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Apollo Ensemble's Jewish Baroque

This review, which somehow had disappeared into the Intertube ether, covers a concert heard last week.

Solomon Alexander Hart, The Feast of the Rejoicing of the Law at the Synagogue in Leghorn, Italy, 1850 (The Jewish Museum, New York)
The architecture and decoration of Jewish synagogues was often similar in style to Christian or Islamic structures: Roman-style frescoes in Dura-Europos, the horseshoe arches of the Ibn Shushan Synagogue in Toledo, the Gothic ribbed vault at the Altneuschul in Prague. A parallel situation exists in the history of Jewish liturgical music, a history that is still being pieced together, not least because of the efforts of the Apollo Ensemble from Amsterdam, an early music group that has brought to light many unpublished, forgotten works from the Ets Haim Library in Amsterdam.

Their work has gained enough notoriety that scholar and harpsichordist Ton Koopman stepped in to help with the transcription and arrangement of three pieces heard on May 13, in a concert of Jewish Baroque music presented by Pro Musica Hebraica in the Kennedy Center Terrace Theater. The program combined music for Jewish liturgical services, as well as chamber music by Jewish composers, paired with music by Christian composers to show the similarity of styles. In most cases, composers whose music is already widely known won the comparison, especially in the case of Handel's G minor trio sonata (op. 2/5), which eclipsed similar pieces by Salomone Rossi and Marco Uccellini. The only complaint to be made was the decision to alternate instrumental and vocal pieces strictly, requiring far too many time-extending set changes.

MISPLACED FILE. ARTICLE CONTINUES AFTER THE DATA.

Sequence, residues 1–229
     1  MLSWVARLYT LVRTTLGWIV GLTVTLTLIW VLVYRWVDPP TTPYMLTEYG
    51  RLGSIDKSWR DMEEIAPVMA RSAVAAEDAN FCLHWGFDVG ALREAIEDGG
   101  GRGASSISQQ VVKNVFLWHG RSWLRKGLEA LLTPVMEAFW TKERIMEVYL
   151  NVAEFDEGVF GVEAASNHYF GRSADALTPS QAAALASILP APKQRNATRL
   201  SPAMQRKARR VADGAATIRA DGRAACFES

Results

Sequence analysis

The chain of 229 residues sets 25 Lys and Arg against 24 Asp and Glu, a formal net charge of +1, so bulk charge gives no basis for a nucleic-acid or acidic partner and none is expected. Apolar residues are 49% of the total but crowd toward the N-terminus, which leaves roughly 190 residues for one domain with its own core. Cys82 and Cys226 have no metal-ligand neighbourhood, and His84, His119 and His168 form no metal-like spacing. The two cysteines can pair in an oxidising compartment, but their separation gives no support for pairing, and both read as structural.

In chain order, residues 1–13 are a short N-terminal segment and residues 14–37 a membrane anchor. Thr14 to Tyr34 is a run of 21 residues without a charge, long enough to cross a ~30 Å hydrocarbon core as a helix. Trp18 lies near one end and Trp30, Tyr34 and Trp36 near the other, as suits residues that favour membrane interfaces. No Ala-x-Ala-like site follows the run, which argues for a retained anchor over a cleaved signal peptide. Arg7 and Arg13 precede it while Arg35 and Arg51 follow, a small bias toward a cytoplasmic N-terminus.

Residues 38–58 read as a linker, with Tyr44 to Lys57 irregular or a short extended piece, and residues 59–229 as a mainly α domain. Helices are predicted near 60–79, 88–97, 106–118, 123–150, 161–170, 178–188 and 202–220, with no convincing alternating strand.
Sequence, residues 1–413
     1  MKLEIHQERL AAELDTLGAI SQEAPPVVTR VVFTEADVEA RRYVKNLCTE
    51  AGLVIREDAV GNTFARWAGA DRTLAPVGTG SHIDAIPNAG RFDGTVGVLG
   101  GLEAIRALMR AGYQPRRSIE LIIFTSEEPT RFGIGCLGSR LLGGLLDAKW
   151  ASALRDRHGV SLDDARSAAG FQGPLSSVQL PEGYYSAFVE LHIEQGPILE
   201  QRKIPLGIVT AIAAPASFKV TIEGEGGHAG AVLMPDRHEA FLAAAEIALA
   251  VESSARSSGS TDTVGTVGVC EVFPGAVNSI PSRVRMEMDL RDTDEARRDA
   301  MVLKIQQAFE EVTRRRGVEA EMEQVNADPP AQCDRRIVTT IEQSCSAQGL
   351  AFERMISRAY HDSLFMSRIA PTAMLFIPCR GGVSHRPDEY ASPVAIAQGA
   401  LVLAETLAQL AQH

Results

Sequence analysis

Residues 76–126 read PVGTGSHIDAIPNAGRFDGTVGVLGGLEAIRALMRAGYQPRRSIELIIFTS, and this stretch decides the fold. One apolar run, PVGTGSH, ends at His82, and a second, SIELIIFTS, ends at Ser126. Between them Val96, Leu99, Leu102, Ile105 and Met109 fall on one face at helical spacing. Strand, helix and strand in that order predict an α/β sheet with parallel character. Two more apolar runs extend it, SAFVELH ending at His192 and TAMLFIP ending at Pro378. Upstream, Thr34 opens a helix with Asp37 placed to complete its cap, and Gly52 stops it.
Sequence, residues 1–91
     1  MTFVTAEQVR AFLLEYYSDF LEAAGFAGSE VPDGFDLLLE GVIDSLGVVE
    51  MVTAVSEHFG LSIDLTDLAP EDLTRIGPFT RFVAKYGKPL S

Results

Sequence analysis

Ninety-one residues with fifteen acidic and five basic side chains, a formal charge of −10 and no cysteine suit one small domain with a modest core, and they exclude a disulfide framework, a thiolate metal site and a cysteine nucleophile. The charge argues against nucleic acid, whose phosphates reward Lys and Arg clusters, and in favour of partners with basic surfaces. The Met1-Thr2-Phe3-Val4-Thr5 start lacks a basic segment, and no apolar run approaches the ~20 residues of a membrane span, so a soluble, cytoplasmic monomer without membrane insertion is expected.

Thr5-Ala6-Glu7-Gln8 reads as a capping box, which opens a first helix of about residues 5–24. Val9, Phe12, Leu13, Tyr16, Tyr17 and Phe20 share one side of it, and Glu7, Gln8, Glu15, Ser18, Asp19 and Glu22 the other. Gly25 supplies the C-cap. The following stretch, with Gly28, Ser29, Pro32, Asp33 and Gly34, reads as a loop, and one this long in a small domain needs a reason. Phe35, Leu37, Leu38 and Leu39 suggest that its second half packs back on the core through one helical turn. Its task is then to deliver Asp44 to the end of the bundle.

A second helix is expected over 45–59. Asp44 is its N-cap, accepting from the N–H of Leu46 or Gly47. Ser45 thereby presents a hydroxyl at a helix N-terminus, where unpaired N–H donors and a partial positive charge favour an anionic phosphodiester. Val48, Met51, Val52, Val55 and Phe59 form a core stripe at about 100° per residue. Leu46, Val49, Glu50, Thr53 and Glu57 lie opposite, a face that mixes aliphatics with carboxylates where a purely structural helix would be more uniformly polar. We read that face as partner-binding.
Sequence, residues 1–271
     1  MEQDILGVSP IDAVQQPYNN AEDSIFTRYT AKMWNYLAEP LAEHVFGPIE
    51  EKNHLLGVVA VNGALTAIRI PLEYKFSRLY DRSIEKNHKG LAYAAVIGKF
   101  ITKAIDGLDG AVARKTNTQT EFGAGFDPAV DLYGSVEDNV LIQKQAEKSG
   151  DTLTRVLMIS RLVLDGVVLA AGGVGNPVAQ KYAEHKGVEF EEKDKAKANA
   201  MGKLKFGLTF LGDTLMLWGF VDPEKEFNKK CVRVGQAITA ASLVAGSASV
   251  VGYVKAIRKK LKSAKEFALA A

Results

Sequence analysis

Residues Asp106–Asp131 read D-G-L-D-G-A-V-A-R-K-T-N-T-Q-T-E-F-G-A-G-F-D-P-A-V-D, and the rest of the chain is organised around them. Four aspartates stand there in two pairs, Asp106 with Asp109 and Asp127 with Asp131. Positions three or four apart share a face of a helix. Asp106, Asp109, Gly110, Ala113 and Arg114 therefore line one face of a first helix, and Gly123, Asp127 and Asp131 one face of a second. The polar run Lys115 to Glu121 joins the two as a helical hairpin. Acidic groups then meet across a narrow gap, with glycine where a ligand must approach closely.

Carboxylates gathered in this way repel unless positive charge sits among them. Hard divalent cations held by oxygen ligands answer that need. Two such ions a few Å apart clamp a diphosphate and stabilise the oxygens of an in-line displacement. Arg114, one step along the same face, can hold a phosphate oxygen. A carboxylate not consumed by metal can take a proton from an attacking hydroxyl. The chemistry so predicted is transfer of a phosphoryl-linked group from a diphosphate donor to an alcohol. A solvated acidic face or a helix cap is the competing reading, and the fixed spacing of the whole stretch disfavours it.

Other Articles:

Robert Battey, Baroque music of Jewish composers is lively and pretty, but it fails to stand out (Washington Post, May 15)

Emily Cary, The Apollo Ensemble performs Jewish musical gems (Washington Examiner, May 12)
The playing was generally fine, with two nicely matched violins on the many paired treble lines, slightly tremulous cello and perky bassoon on the bass line, and harpsichord and theorbo providing the continuo accompaniment. At full bore it was just slightly too much sound for the delicate, violet-hued soprano of Siri Thornhill, but in the more delicate moments of these scores, there were some exquisite balances supporting a voice that is by no means large but with limpid beauty. Although some of the liturgical pieces were a little dull, Hebrew-text discoveries by Mani, Lidarti, and an anonymous composer were well worth the effort, in particular one of Mani's settings of Le-el nora, a joyous text for the celebration of Simchat Torah, marking the end of the yearly cycle of readings from the Torah, ending with Deuteronomy and beginning again with Genesis (see the depiction in the painting above). Two settings of Kol Haneshama, the text of Psalm 150 with its melismatic "Hallelujah" section and appropriate vocal pyrotechnics, were reminiscent of Catholic settings of the Laudate dominum, like that by Mozart, with their flashy concluding Alleluias.

Pro Musica Hebraica returns in the fall with another season of Jewish music, including a headliner concert by the duo of Evgeny Kissin and Maxim Vengerov (February 24, 2014), in the Kennedy Center Concert Hall.

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